President Joe Biden called for bipartisan work on infrastructure while House Minority Leader Kevin McCarthy criticized him for not showing bipartisanship.
House Minority Leader Kevin McCarthy complained on Thursday that President Joe Biden hasn't been having bipartisan meetings with lawmakers.
Earlier that same day, Biden had done just that.
Speaking in San Antonio, Texas and criticizing the Biden administration's energy policies, McCarthy said Biden makes decisions "without talking to anybody."
"I know the president's been in office for a while, they could be time, I've watched other presidents at this time, to bring in a bipartisan, bicameral to sit down and work on those issues," said McCarthy.
Earlier Thursday, Biden had hosted senators of both parties in the Oval Office to discuss infrastructure.
Alongside Vice President Kamala Harris, Biden spoke with Sens. Tom Carper (D-DE), Shelley Moore Capito (R-WV), James Inhofe (R-OK), and Ben Cardin (D-MD). They were joined on the phone by Secretary of Transportation Pete Buttigieg.
"We're going to talk about infrastructure. And I want to hear what's on the minds of my colleagues here, and we're going to see what we can put together," Biden told reporters before the meeting.
McCarthy's attack echoes recent Republican allegations that Biden has not been pursuing the "unity" he promised in his inaugural address.
Meanwhile, national polls continue to show bipartisan support for Biden's presidency and his proposals, including his American Rescue Plan for economic relief from the COVID-19 pandemic.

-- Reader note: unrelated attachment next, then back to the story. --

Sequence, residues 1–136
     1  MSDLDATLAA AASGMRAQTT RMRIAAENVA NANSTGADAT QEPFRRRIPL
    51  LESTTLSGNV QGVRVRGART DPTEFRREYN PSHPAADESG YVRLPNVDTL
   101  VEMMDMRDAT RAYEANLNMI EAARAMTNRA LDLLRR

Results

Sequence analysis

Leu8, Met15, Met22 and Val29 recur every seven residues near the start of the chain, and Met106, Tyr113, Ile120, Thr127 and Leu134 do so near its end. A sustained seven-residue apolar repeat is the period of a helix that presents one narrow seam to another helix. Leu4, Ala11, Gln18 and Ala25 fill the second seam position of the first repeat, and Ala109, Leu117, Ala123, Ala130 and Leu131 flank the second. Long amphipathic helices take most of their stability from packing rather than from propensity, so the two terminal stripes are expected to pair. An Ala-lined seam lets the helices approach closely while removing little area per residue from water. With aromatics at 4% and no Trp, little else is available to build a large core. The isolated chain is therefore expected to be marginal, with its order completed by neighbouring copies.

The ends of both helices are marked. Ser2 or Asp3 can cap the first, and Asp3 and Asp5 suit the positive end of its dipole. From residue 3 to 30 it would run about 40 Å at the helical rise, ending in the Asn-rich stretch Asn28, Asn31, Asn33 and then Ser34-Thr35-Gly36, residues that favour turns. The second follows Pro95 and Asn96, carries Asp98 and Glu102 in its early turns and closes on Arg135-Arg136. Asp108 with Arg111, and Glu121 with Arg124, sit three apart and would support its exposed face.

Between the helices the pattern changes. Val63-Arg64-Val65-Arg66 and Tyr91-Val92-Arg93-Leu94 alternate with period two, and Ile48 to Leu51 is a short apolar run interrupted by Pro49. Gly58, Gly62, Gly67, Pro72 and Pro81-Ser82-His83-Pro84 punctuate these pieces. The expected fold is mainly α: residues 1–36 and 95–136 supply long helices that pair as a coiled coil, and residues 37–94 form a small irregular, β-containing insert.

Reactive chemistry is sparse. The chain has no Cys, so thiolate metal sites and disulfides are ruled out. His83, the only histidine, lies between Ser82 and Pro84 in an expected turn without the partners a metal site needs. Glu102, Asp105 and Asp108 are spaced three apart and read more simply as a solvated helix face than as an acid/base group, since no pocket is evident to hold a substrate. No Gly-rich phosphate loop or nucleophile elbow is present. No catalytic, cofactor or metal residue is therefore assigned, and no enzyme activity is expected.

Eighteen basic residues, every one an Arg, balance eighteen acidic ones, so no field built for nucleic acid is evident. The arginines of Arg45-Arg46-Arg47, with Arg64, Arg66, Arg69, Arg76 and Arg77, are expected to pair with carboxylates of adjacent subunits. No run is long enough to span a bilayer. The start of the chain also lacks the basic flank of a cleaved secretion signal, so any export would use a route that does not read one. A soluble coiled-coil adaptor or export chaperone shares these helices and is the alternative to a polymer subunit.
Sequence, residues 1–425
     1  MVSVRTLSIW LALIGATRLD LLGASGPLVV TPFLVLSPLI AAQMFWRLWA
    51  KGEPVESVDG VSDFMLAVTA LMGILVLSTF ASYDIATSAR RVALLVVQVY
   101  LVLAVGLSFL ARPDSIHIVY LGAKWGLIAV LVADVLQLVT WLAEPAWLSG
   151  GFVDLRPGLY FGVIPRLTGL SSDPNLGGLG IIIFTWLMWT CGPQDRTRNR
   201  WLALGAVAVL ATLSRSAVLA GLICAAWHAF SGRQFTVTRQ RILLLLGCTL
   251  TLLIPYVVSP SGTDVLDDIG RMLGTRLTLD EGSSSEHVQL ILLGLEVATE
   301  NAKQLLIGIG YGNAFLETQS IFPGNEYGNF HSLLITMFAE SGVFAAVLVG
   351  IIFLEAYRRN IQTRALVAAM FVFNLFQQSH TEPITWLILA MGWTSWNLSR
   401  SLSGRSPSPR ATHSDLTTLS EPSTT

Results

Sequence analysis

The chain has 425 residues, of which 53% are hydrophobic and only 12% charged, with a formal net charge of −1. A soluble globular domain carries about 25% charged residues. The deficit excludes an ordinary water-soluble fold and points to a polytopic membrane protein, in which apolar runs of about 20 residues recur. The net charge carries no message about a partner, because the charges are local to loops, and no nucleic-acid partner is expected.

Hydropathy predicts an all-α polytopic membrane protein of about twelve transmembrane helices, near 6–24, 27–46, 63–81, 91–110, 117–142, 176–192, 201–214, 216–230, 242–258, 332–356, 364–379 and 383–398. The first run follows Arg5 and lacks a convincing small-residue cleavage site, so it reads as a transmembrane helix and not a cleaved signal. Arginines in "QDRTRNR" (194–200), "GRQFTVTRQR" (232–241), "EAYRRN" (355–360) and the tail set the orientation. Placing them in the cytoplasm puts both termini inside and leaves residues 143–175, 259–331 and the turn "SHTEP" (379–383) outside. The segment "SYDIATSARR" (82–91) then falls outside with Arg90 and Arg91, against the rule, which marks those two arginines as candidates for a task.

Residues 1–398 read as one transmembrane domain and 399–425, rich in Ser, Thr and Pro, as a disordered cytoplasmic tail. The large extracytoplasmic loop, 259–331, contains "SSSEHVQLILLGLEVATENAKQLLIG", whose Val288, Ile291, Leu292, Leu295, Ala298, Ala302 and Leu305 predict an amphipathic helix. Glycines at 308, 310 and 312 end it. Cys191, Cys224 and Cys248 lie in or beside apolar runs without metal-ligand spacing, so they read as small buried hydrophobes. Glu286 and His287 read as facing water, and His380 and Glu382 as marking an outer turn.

From a Feb. 11 news conference:
KEVIN McCARTHY: Well, the first thing I'd say with President Biden, it'd be nice to sit down to talk about America and where we can work together. It'd be nice to sit down, and I would bring in the workers. I would bring in those who are actually being affected directly by this.
And let's have an understanding of where best to make America stronger and move forward. It's very difficult that the President Biden makes a decision without talking to anybody. I know the president's been in office for a while, they could be time, I've watched other presidents at this time, to bring in a bipartisan, bicameral to sit down and work on those issues.
We’re ready to work together to make sure that the American worker has a job. Let's prioritize the American worker first and let's also make sure the affordability.
I happen to come from California. We have to pay 40% higher on electrical costs, and many times, and sometimes when we need it, it's not there for us.
Published with permission of The American Independent Foundation.